Sometimes, finding the right stock can be a chore, and sometimes, a pleasure. But whether it’s a breeze or a slog, some things remain constant. The right stock will always bring a benefit to your portfolio – and dividend stocks, when carefully chosen, will do just that.
Caution, however, is essential. We’ve seen in recent months many supposedly stable dividends get slashed back or even suspended as companies looked to shore up liquidity during the coronavirus economic shutdown crisis. In the current environment, a high dividend yield is only part of the equation; look for a combination of payment reliability or explicit moves to keep the dividend viable.
TipRanks database, here’s that second look.” data-reactid=”14″>Wolfe Research has been doing the research for you, picking out stocks that are meeting those requirements. And the results are interesting – Wolfe has tagged three ‘second tier’ companies with strong dividends. These aren’t big names that dominate the stock market, but nevertheless, they are companies that deserve a second look. With details from the TipRanks database, here’s that second look.
HBAN)” data-reactid=”19″>Huntington Bancshares (HBAN)
Our first stock is a holding company, the owner of Ohio-based Huntington Bank. Through the subsidiary, Huntington offers retail and commercial banking services in Ohio, Illinois, Indiana, Kentucky, Michigan, Pennsylvania, and West Virginia, through more than 800 branches and 1,300 ATMs. The bank boasts a market cap exceeding $10 billion, and manages over $118 billion in assets.
In short, while Huntington is not huge name in the stock market, it is a major name in the Midwest – and that is a firm foundation for any company. Huntington has seen stable revenues during the corona crisis, with the 1H20 top line growing sequentially from Q1’s $1.15 billion to Q2’s $1.18 billion. Earnings remained positive during the half, and after dropping in the first quarter turned sharply upwards in Q2 to beat the forecast. Second quarter EPS was 13 cents, more than double the estimates.
On the dividend front, the company raised its dividend in mid-2019, shortly before corona began to hit the news broadcasts, and has maintained it during the crisis and economic shutdowns. HBAN pays out 15 cents per common share, annualizing to 60 cents and giving a robust yield of 6.1%. This is more than triple the average yield found among S&P-listed companies, and more than double that found among Huntington’s peers in the financial sector.
Bill Carache, 5-star analyst with Wolfe, was impressed enough with HBAN to initiate coverage of the stock with a Buy rating and a $12 price target, suggesting a 16% upside from current levels. (To watch Carache’s track record, click here)” data-reactid=”23″>Bill Carache, 5-star analyst with Wolfe, was impressed enough with HBAN to initiate coverage of the stock with a Buy rating and a $12 price target, suggesting a 16% upside from current levels. (To watch Carache’s track record, click here)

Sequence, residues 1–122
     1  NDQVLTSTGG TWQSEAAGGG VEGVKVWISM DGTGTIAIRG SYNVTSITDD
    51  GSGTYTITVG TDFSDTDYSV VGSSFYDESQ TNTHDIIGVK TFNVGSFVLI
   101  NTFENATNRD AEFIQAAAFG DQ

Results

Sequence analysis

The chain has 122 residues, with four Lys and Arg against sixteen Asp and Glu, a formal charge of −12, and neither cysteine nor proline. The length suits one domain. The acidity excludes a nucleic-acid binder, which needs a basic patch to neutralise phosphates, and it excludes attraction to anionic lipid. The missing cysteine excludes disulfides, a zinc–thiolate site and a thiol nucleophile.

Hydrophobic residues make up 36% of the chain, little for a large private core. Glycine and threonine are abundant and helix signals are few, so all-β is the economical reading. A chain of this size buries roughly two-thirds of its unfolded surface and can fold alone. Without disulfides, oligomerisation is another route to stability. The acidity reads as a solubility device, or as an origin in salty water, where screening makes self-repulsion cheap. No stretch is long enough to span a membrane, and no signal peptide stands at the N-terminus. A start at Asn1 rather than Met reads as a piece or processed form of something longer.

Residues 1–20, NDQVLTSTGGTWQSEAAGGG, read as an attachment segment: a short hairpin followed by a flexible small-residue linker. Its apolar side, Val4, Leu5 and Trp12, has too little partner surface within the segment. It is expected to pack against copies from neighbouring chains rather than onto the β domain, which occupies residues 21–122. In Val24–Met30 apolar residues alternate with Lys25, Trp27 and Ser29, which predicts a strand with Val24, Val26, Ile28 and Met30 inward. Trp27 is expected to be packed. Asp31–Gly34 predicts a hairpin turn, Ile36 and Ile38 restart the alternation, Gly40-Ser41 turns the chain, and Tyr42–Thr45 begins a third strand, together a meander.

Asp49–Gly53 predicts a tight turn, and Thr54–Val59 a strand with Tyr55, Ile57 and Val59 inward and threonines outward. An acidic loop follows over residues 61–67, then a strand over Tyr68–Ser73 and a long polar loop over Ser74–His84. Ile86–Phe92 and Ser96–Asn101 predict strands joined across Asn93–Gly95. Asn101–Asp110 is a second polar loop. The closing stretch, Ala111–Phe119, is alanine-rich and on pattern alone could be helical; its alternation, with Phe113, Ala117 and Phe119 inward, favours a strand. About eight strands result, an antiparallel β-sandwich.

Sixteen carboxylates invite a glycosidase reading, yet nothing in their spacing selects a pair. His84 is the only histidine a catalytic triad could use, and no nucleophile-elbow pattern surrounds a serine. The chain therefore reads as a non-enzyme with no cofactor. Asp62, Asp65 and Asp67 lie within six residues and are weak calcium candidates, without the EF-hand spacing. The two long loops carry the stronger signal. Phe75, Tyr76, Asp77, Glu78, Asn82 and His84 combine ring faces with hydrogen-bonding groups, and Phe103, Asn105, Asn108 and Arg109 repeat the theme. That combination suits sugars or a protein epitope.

In his comments, Carache wrote, “We believe HBAN, a quality super regional bank with a strong Midwestern U.S.footprint, has evolved into a lower risk and higher ROTCE-generating bank in the years following the GFC (Global Financial Crisis). Against a ZIRP backdrop and broadly challenging revenue growth outlook for the banking industry, we view HBAN as a relative outperformer as we emerge from the GCC (Global COVID19 Crisis) and expect an inflection in 2022 EPS and ROTCE that is sharper relative to peers.”
See Huntington stock analysis at TipRanks)” data-reactid=”25″>Overall, HBAN has drawn optimism mixed with caution when it comes to consensus opinion among sell-side analysts. Out of 7 analysts polled in the last 3 months, 4 are bullish on the stock, while 3 remain sidelined. With a modest upside of 5%, the stock’s consensus price target stands at $10.86. (See Huntington stock analysis at TipRanks)
GLPI)” data-reactid=”38″>Gaming and Leisure Properties (GLPI)
Next on our list, Gaming and Leisure Properties, is a real estate investment trust focused on casino properties. GLPI is the owner operator of 45 casinos in 17 states, and was showing strong growth in profits and share gains through the end of January this year.
The February economic shutdowns brought those good times to a stop, as GLPI saw customer traffic plummet at its properties.
The long-term nature of GLPI’s property leases, however, have helped keep quarterly earnings solid, despite the recessionary pressures and the market downturn. The company has used that base to keep the dividend payments flowing to shareholders, although with a twist.
GLPI has been paying out its dividend during the second and third quarters at 60 cents per common share, are reduction of only 10 cents from the Q1 level. The twist is, the company is paying 12 cents per share in cash, and the remainder in shares of common stock. This creates less of an impact on the company’s liquidity, and for shareholders holds out the promise higher dividend payments when conditions return to normal, as the new shares added to their holdings will pay out dividends in their turn. Counting from 60 cents per share, GLPI’s yield matches HBAN’s, at 6.1%.